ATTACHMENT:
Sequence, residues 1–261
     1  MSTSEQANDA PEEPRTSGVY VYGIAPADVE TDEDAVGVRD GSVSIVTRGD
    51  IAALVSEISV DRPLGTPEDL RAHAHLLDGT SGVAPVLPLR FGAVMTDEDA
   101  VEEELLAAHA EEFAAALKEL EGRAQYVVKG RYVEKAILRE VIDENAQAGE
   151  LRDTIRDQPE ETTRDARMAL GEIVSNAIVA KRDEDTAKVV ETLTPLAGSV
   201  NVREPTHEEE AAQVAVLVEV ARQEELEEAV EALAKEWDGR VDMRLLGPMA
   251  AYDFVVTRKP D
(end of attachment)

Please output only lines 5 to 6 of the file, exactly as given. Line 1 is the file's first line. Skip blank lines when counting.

   151  LRDTIRDQPE ETTRDARMAL GEIVSNAIVA KRDEDTAKVV ETLTPLAGSV
   201  NVREPTHEEE AAQVAVLVEV ARQEELEEAV EALAKEWDGR VDMRLLGPMA